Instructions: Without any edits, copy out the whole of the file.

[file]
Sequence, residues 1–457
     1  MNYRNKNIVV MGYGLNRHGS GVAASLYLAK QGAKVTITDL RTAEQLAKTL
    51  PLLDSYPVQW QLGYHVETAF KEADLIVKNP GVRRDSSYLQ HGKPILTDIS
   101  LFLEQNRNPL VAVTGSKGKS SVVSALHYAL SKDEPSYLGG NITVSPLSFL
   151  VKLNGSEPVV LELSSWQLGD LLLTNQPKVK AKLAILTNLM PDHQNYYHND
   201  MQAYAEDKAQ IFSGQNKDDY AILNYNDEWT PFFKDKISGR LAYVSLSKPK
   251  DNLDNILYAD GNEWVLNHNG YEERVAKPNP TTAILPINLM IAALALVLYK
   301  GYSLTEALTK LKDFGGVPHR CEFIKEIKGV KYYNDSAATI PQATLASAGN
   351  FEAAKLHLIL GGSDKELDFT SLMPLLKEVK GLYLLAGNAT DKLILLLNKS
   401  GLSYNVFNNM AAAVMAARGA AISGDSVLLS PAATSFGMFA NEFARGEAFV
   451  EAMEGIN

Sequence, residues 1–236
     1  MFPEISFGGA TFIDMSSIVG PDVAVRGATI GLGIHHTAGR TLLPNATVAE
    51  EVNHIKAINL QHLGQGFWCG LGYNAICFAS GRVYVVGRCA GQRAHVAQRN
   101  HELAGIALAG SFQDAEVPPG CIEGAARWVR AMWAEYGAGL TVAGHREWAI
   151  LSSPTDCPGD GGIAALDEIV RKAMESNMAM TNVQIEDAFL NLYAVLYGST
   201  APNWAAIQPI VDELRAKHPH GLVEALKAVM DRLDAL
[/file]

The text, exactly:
Sequence, residues 1–457
     1  MNYRNKNIVV MGYGLNRHGS GVAASLYLAK QGAKVTITDL RTAEQLAKTL
    51  PLLDSYPVQW QLGYHVETAF KEADLIVKNP GVRRDSSYLQ HGKPILTDIS
   101  LFLEQNRNPL VAVTGSKGKS SVVSALHYAL SKDEPSYLGG NITVSPLSFL
   151  VKLNGSEPVV LELSSWQLGD LLLTNQPKVK AKLAILTNLM PDHQNYYHND
   201  MQAYAEDKAQ IFSGQNKDDY AILNYNDEWT PFFKDKISGR LAYVSLSKPK
   251  DNLDNILYAD GNEWVLNHNG YEERVAKPNP TTAILPINLM IAALALVLYK
   301  GYSLTEALTK LKDFGGVPHR CEFIKEIKGV KYYNDSAATI PQATLASAGN
   351  FEAAKLHLIL GGSDKELDFT SLMPLLKEVK GLYLLAGNAT DKLILLLNKS
   401  GLSYNVFNNM AAAVMAARGA AISGDSVLLS PAATSFGMFA NEFARGEAFV
   451  EAMEGIN

Sequence, residues 1–236
     1  MFPEISFGGA TFIDMSSIVG PDVAVRGATI GLGIHHTAGR TLLPNATVAE
    51  EVNHIKAINL QHLGQGFWCG LGYNAICFAS GRVYVVGRCA GQRAHVAQRN
   101  HELAGIALAG SFQDAEVPPG CIEGAARWVR AMWAEYGAGL TVAGHREWAI
   151  LSSPTDCPGD GGIAALDEIV RKAMESNMAM TNVQIEDAFL NLYAVLYGST
   201  APNWAAIQPI VDELRAKHPH GLVEALKAVM DRLDAL